Book Review: Before the Birth of the Moon by V. Y. Mudimbe
Title: Before the Birth of the Moon
Author: V. Y. Mudimbe
Translator: Marjolijn de Jager
Country: Democratic Republic of Congo
Year: 1976 (original publication), translation 1989
Genre: Fiction, Novel
Before the Birth of the Moon by Valentin Y. Mudimbe was originally written in French and published in 1976. According to the author, it is set in the mid-sixties during the tumultuous First Republic of the Democratic Republic of Congo (DRC), during the relatively brief reign of President Joseph Kasavubu after the murder of his former Prime Minister Patrice Lumumba. During the First Republic, DRC was rife with rebel movements in various provinces. The two central characters of the novel, “The Minister” and Ya, his mistress, are wrapped up in this political turmoil.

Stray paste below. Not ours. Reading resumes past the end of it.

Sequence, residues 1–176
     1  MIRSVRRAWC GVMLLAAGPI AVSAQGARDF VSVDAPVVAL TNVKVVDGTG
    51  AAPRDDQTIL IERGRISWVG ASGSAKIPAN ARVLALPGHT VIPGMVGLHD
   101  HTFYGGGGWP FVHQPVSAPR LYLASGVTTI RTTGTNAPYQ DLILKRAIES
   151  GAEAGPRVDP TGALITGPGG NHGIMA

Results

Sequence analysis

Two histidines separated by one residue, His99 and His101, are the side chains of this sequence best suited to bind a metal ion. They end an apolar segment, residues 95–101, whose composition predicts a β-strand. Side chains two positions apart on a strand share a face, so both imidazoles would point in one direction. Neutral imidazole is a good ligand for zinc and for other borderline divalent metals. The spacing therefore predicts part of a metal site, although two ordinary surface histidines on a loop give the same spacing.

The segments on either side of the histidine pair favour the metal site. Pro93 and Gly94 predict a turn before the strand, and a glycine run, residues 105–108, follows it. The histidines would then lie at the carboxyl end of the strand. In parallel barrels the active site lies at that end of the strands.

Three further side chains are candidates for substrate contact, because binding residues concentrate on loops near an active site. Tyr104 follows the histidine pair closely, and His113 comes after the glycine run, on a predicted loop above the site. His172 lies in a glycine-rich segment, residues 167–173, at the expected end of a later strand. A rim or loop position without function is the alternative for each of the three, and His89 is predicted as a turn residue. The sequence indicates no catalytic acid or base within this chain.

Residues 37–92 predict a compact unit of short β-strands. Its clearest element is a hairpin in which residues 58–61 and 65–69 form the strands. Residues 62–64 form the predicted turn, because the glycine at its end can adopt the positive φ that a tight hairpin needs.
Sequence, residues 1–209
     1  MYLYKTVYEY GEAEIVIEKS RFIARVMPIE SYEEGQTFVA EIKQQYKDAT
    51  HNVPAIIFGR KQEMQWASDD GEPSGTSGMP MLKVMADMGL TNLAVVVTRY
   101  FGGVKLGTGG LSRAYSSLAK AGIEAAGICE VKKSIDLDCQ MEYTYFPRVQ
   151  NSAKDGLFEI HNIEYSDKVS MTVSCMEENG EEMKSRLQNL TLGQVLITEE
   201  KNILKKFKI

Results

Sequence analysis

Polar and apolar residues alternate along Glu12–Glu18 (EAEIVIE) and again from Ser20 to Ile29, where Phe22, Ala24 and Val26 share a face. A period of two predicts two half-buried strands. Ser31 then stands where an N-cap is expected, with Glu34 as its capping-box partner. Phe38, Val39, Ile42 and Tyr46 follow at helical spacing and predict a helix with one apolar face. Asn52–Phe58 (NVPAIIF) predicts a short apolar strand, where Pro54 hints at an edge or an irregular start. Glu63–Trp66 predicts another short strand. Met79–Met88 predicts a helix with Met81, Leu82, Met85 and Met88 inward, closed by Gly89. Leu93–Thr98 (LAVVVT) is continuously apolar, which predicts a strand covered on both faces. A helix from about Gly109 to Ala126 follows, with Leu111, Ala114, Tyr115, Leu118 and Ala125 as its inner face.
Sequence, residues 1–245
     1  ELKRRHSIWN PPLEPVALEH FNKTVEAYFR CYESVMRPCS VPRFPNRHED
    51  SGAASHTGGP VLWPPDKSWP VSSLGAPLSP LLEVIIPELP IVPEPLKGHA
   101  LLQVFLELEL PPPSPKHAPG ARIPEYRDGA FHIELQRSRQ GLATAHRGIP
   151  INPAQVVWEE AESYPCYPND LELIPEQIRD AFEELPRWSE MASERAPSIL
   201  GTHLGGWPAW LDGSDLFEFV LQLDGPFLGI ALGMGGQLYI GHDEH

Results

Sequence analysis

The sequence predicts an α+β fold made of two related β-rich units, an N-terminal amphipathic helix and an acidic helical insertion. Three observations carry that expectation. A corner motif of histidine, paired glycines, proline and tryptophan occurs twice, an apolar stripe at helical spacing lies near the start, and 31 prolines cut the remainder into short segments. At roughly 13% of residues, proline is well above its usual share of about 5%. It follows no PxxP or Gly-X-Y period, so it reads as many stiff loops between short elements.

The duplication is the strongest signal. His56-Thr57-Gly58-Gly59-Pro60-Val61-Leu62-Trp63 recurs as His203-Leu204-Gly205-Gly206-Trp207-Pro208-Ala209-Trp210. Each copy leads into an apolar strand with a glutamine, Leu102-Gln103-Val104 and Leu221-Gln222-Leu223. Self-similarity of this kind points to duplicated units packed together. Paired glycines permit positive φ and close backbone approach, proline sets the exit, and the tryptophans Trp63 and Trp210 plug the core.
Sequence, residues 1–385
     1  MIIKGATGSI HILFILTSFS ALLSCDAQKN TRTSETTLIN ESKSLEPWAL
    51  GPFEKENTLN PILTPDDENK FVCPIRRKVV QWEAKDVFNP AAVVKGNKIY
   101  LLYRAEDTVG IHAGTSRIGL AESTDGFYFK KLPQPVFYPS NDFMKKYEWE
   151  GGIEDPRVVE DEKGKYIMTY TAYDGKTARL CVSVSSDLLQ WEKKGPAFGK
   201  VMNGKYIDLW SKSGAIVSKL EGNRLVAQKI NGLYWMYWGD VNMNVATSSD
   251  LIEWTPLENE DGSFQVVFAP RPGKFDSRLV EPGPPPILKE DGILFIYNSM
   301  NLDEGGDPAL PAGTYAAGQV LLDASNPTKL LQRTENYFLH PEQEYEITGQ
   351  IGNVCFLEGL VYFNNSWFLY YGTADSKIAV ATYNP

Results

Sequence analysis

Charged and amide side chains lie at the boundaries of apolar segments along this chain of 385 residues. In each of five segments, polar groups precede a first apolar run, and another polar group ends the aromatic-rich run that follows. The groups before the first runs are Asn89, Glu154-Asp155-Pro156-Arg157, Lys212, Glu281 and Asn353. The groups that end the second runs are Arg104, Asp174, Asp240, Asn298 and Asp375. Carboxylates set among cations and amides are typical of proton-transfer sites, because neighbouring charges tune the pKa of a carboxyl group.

“The Minister”, is ambitious and wishes to earn favour with the President, who is never directly named. He is married with children but this doesn’t prevent him from enjoying himself with a few mistresses. One of these mistresses, Ya, he believes he is in love with but we learn that she actually finds him irritating although she appreciates his money. Ya hails from a rural area in a province where her ethnic group is now rebelling against the national government. At the beginning of the novel, Ya has no interest in this as she has come to Kinshasa to enjoy herself. Although she originally left her village in order to avoid a marriage arranged by her father and pursue college studies, she soon left school to enjoy the dazzling city life of bars and nightclubs and found a way to live off men in exchange for sexual favours. In most English descriptions of the novel Ya is described as a prostitute but I do not think this description is correct. She is more a woman who is “kept” but she feels free to pick and choose who gets to keep her. This is why she initially decides to dump “The Minister” early in the novel because she finds him irritating. “The Minister” is heartbroken. Ya isn’t. Her real lover is her female friend who “The Minister” early on perceives as his main rival. One day, men from Ya’s village break into the apartment she shares with her friend and attack her. They bring her news that her father, who was a village chief and rebel leader, has been murdered by the national government. They demand that she get back with “The Minister” and share any intelligence she can get from him with the rebels. Now, the carefree and careless Ya, finds herself in the precarious position of spy.